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Will this Cup final have a happier ending for Lightning’s Corey Perry?

The veteran forward is chasing his second career Stanley Cup (first since 2007) after losing to Tampa Bay in the two previous finals.
Sure, Lightning right wing Corey Perry has won one Stanley Cup once, earlier in his career. But the motivation, even after all these years in the league, is "to win not just the one, but ... another one after that."
Sure, Lightning right wing Corey Perry has won one Stanley Cup once, earlier in his career. But the motivation, even after all these years in the league, is "to win not just the one, but ... another one after that." [ DIRK SHADD | Times ]
Published Jun. 21

TAMPA — Either the Lightning will win a third straight Stanley Cup and seal a dynasty run the hockey world hasn’t experienced in nearly four decades. Or Corey Perry will miss out on hoisting the holy grail after a third consecutive trip to the final.

Perry, 37, won the Cup with Anaheim back in 2007, but over the past two seasons he has knocked at the door without an answer from Lord Stanley. He is hoping this year is different.

“I’m excited to be where I am right now, I’ll tell you that,” Perry said ahead of Game 1 at Colorado. “You don’t play this game just to get here. Everybody’s dreams as a kid is playing in the Stanley Cup final, lifting the Stanley Cup, or Game 7, or the last goal wins. And you’re in your backyard rink and that’s the first thing that comes to your mind when your dad says it’s dinner time. It’s next goal wins, or it’s overtime.

“You play this game to win and that’s what keeps me going is I want to win not just the one, but I want to win another one after that.”

Lightning right wing Corey Perry (10) celebrates after scoring a goal in the second period during Game 3 of the Stanley Cup final on Monday night.
Lightning right wing Corey Perry (10) celebrates after scoring a goal in the second period during Game 3 of the Stanley Cup final on Monday night. [ LUIS SANTANA | Times ]

Perry is the second player in league history to reach a third consecutive Cup final with a different team, joining Marian Hossa, who went to the final with the Penguins in 2008, the Red Wings in 2009 and the Blackhawks in 2010 (the year Chicago won it all).

“You don’t want to be that guy that three times came here and didn’t win,” said Bally Sports Sun analyst Brian Engblom. “And knowing Corey, I wouldn’t doubt at all at some time in the series he has to stand up and say, ‘I’m not losing again.’ You know how far that would travel, and I wouldn’t doubt he would say it in a clutch situation.”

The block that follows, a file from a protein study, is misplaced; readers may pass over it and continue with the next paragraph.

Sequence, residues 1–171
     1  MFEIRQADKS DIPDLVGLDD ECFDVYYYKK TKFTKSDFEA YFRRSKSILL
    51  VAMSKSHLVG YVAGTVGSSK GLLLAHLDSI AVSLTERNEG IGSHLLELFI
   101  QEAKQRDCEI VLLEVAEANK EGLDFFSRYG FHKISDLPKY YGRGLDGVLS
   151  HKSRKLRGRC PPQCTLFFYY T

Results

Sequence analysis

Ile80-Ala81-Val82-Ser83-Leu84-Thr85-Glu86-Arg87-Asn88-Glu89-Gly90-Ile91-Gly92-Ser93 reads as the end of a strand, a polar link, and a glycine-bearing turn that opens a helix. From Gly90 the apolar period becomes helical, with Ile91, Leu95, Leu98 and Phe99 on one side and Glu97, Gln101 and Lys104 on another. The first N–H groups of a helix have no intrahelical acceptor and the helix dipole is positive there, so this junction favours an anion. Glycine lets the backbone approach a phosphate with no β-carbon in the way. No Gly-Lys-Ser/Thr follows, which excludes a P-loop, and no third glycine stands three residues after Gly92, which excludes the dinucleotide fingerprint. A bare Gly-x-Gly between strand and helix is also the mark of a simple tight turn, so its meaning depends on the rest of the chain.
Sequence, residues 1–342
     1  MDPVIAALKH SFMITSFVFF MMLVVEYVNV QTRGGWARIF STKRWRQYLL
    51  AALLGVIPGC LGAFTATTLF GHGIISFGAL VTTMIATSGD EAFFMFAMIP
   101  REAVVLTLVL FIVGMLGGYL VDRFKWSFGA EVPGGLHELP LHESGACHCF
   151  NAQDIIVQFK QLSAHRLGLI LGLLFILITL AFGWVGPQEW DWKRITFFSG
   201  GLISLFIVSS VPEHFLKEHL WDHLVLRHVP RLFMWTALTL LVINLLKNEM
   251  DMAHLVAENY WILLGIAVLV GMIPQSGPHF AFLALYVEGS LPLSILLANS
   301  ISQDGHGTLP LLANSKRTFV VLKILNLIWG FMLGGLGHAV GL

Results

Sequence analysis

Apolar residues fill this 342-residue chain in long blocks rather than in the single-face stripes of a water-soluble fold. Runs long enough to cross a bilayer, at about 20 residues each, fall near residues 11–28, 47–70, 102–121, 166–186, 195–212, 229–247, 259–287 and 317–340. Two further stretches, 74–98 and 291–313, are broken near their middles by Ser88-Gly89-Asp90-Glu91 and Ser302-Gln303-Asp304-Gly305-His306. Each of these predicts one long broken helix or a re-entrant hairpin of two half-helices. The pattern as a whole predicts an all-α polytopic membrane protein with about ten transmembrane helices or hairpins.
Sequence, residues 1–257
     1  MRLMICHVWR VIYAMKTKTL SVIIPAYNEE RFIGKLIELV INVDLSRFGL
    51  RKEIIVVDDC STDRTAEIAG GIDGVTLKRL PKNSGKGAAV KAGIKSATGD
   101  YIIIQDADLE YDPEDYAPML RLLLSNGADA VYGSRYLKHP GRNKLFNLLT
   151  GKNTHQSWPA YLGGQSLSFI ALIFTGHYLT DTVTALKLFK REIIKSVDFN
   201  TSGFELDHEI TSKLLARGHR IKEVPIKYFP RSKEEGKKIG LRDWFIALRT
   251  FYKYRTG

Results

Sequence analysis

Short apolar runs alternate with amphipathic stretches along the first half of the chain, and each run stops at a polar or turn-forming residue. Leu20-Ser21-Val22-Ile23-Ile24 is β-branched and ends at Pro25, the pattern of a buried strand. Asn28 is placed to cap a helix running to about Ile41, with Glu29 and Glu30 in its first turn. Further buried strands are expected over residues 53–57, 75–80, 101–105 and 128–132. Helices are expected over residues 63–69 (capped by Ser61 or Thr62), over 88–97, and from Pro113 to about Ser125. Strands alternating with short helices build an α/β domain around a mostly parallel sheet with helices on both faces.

Related: Lightning’s Victor Hedman will find out if he’s a Norris Trophy winner tonight

It took Perry 13 seasons to get back to a Cup final. Then, in 2019, Anaheim bought out the remaining two years of his eight-year contract.

That summer, Perry signed with the Stars, helping Dallas to its first final since 2000. Although he scored the game-winning goal in Game 5’s double-overtime victory over the Lightning, Perry couldn’t help the team even the series in Game 6 as Tampa Bay went on to win its first of two straight Cups.

In 2021 with Montreal, Perry’s chance at redemption was short-lived as Tampa Bay defeated the Canadiens in five games.

“It’s a tough pill to swallow when you go all that way, work that hard and come up that short,” Perry told ESPN’s Emily Kaplan during Monday’s Game 3 broadcast.

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Related: Lightning’s Game 3 win comes at a cost, as Nikita Kucherov leaves in third

After the Lightning lost Blake Coleman and Barclay Goodrow to free agency, and the Seattle expansion draft claimed Yanni Gourde last summer, they knew who they needed to help the team on another Cup run. Perry, an available free agent, fit the bill.

The future Hall of Famer “jumped” at the opportunity to sign a two-year, $2 million contract that could keep him in one place. Some reassurances from his future teammates helped, too.

“They’re still hungry to win and they want to win and you can see that in that dressing room,” Perry said.

Corey Perry make a play in front of the net against the Rangers in Game 4 of the Eastern Conference final.
Corey Perry make a play in front of the net against the Rangers in Game 4 of the Eastern Conference final. [ DIRK SHADD | Times ]

Center Alex Killorn understands how coming up short in back-to-back finals could “haunt” Perry, too. It’s a little extra motivation for the team to help him end his season differently than in previous years.

“He’s had such a great career. To be as close as he’s been in the past three years and not get the ultimate goal ... we obviously want to win, but it’s important for us to win in that sense as well,” Killorn said. “He brings a lot, leadership-wise. He’s a guy who’s seen a lot in this league, done a lot in the league, definitely a voice in the locker room.”

Related: Doubt the heart of this Lightning team at your own peril

Often skating on the fourth line — the “school bus” line with Maroon and Pierre-Edouard Bellemare — Perry has had a career revival of sorts with his first 40-point season (19 goals) since 2017-18 (49 points with Anaheim).

In Monday’s Game 3 win, Perry scored his sixth postseason goal (fourth on the power play), breaking a nine-game goal drought. He is the first player in NHL history to score a goal with four different teams in a Cup final.

“He just shows game in and game out he’s a warrior,” defenseman Victor Hedman said. “He can play up and down the lineup. Big on the power play. We know from experience how hard he is to play against, so we’re very happy to have him on our side. ... He’s been very valuable for us, obviously.”

Contact Mari Faiello at mfaiello@tampabay.com. Follow @faiello_mari.

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